One is that China now has a cluster of countries that trade with it that are perhaps as dependent on its growth rate as they used to be on the US. Since it did not undergo recession, these economies are less affected by the global economic downturn than those economies that are still dependant on the US, which did undergo a severe recession. One needs only think about the large emerging commodity exporters and how the demand for their goods is being driven as much by Chinese demand for resources to fuel its growth as by US demand. Yet this explanation is to simplify the significance of China’s position in the world economy, as it could be argued that developed countries like Germany and Japan are equally now dependant on Chinese demand. Rather, it appears that China is now part of the global matrix that makes the global economy tick and has acted as an important counterweight to a slowdown in another major part of the world economy, absorbing some of the shock from the recession.


...but at the heart of it lies better economic management by emerging markets as a group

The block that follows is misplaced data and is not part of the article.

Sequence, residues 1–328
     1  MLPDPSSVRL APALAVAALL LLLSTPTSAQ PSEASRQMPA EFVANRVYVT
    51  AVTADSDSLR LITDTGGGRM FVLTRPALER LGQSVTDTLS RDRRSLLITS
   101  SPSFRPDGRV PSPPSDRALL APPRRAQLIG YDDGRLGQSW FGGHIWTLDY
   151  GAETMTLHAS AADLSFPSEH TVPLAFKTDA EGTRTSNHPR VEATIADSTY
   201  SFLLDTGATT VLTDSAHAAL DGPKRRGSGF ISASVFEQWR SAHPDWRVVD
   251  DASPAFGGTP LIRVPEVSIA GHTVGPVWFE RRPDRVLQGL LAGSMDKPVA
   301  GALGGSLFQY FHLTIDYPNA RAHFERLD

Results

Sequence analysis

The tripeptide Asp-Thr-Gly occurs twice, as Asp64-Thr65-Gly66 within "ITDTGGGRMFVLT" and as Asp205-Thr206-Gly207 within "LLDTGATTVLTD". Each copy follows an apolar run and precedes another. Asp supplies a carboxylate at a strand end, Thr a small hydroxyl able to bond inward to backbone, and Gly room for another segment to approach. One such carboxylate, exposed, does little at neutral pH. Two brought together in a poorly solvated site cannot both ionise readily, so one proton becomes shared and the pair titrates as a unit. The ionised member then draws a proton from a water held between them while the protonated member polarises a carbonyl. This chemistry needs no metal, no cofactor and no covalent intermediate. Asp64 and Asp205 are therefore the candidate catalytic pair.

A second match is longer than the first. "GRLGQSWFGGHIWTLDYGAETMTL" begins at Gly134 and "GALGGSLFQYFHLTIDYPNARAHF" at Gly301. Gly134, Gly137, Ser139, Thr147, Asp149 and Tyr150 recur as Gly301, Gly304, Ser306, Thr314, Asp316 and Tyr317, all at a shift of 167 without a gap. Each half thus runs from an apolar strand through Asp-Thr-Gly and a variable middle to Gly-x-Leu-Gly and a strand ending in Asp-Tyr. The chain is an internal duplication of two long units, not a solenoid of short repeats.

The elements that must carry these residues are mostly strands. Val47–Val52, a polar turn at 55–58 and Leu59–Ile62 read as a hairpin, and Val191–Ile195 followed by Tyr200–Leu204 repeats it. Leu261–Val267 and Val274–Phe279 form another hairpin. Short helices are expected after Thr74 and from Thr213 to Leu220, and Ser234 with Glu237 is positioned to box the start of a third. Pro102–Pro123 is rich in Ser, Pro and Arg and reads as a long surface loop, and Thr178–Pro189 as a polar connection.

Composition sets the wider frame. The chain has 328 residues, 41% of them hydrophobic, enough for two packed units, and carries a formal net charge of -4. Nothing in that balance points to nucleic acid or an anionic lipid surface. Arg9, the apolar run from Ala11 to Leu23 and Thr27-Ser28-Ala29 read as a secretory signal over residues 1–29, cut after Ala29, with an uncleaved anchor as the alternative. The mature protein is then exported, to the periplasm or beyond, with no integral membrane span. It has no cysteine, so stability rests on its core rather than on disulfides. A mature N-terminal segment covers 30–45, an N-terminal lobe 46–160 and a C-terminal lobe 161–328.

A final point would also be that to concentrate just on China is to make another mistake. There has been significant progress made in a host of emerging market economies, from Asia to Africa, to Latin America and Eastern Europe. It does appear that corporate governance has improved; fiscal policies are better, foreign official reserves are higher and the collective response of these governments to the economic shock was better than in previous cycles, including the Great Depression of the 1930s. This is good news for the future of the world economy. One immediate conclusion though is that this means that the emerging economies will be amongst the first to reverse the massive loosening of fiscal and monetary policy that has occurred since the crisis took hold. Financial markets are better prepared to deal with that as well.

Trevor Williams, Chief Economist, Corporate Markets


Weekly economic data preview - 2 November 2009


Markets to digest a ‘hat-trick’ of central bank meetings this week...